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Kaspersky Lab asks court to overturn US government ban

The Moscow-based software company says a Trump administration ban on the use of its products deprived it of due process.

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Eugene Kaspersky, founder and head of cybersecurity firm Kaspersky Lab, says his company was deprived of adequate due process by a Trump administration ban on US government use of its products.
Sean Gallup/Getty Images

Kaspersky Lab said Monday it has asked a US federal court to overturn a Trump administration ban on US government use of the Moscow-based cybersecurity company's software, saying the move deprived the company of adequate due process.

The Department of Homeland Security issued a directive in September ordering federal agencies to remove Kaspersky Lab products from government computers within 90 days. The ban came amid concerns the company's products might be vulnerable to Russian government influence.

"DHS has harmed Kaspersky Lab's reputation and its commercial operations without any evidence of wrongdoing by the company," Kaspersky founder Eugene Kaspersky wrote in an open letter to Homeland Security published on Monday.

Cybersecurity concerns have mounted in the wake of email leaks during the 2016 presidential election campaign and reports of Russian online meddling, as well as breaches at government agencies and in the business world.

In enacting the ban, the DHS said it was concerned about alleged ties between Kaspersky officials and Russian intelligence and other government agencies. The department also said Russian law allows Russian intelligence agencies to request or compel assistance from Kaspersky and to intercept communications on Russian networks.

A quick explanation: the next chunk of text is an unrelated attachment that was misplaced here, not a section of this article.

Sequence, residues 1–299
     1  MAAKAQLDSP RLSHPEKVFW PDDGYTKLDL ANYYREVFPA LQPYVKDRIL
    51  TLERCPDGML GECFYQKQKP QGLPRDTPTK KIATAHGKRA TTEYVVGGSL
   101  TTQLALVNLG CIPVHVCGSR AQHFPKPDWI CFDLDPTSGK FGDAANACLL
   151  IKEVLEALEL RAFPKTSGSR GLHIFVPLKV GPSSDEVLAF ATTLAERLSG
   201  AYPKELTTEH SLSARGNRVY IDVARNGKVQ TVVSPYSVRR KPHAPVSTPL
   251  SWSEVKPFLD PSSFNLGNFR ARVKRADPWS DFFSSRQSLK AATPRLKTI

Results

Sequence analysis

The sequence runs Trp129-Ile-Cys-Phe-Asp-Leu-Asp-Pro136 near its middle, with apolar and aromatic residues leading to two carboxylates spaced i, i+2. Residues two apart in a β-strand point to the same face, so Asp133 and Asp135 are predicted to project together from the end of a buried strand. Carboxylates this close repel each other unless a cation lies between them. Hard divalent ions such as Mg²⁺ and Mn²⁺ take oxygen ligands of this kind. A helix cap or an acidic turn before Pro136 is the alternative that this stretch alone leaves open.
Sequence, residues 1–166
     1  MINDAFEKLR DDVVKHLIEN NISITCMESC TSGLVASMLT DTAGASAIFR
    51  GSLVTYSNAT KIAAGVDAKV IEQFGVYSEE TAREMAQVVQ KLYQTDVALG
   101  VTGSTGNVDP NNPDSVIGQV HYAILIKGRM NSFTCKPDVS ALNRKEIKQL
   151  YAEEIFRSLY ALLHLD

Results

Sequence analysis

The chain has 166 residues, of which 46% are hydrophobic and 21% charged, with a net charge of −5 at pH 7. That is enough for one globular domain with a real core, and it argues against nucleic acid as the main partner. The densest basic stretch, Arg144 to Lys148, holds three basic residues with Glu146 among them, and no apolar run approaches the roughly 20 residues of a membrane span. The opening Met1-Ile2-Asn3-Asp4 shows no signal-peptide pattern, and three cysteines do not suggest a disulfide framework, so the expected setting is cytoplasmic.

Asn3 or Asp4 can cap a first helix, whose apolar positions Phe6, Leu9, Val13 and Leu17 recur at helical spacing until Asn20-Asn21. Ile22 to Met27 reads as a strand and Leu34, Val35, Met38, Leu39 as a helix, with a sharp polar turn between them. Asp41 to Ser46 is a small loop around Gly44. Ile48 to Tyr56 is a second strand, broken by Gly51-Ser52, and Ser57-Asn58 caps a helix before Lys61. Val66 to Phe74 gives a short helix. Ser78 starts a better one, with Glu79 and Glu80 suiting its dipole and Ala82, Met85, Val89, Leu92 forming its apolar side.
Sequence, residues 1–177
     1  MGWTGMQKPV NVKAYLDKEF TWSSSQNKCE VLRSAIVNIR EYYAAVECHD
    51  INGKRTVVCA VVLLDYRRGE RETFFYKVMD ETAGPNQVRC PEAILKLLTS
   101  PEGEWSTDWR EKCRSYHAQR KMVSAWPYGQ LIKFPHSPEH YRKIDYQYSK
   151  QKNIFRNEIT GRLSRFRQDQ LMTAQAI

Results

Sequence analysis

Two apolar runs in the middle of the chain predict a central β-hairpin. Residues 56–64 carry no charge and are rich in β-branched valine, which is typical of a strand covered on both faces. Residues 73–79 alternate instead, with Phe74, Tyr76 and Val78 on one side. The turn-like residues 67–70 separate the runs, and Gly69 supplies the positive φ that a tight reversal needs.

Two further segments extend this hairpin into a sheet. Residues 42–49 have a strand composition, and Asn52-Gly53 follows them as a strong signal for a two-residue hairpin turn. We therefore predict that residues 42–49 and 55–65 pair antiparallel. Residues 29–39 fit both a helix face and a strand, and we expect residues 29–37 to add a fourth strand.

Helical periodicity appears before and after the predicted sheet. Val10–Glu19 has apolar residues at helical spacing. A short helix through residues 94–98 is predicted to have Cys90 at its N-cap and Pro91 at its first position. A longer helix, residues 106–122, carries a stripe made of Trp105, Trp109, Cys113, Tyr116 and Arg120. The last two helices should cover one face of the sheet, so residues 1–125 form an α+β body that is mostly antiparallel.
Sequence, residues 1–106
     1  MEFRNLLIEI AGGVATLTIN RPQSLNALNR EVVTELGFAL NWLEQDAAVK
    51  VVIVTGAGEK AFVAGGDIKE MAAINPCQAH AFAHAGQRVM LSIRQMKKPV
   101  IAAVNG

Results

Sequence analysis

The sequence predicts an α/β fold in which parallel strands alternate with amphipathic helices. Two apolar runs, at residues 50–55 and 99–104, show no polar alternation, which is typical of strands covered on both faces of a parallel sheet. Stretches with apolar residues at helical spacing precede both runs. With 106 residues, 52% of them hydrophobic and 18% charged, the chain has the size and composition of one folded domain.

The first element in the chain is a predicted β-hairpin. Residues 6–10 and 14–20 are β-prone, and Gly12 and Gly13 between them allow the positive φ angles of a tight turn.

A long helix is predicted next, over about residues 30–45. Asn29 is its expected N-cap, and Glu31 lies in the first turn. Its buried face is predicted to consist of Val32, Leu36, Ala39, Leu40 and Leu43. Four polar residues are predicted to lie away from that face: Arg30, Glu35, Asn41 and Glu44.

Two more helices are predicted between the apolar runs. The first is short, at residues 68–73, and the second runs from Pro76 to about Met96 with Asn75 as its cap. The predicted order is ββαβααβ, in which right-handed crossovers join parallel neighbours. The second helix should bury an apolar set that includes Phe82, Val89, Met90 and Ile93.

Kaspersky has repeatedly rejected the allegations, saying it doesn't have inappropriate ties with any government. But following the US government ban, retailers like Best Buy, Office Depot and Staples removed Kaspersky's software from their shelves.

The company alleges the US government relied primarily on rumors and uncorroborated news media reports as evidence in making its decision to ban the software. It's asking the court to overturn the ban and declare the company's products do not pose a security threat.

It wasn't immediately clear what effect overturning the ban would have after President Donald Trump last week signed into law a sweeping defense policy spending bill that reinforces the Homeland Security prohibition on US government use of Kaspersky software.

The Department of Homeland Security referred requests for comment to the Justice Department, which declined to comment, citing policy regarding ongoing cases.

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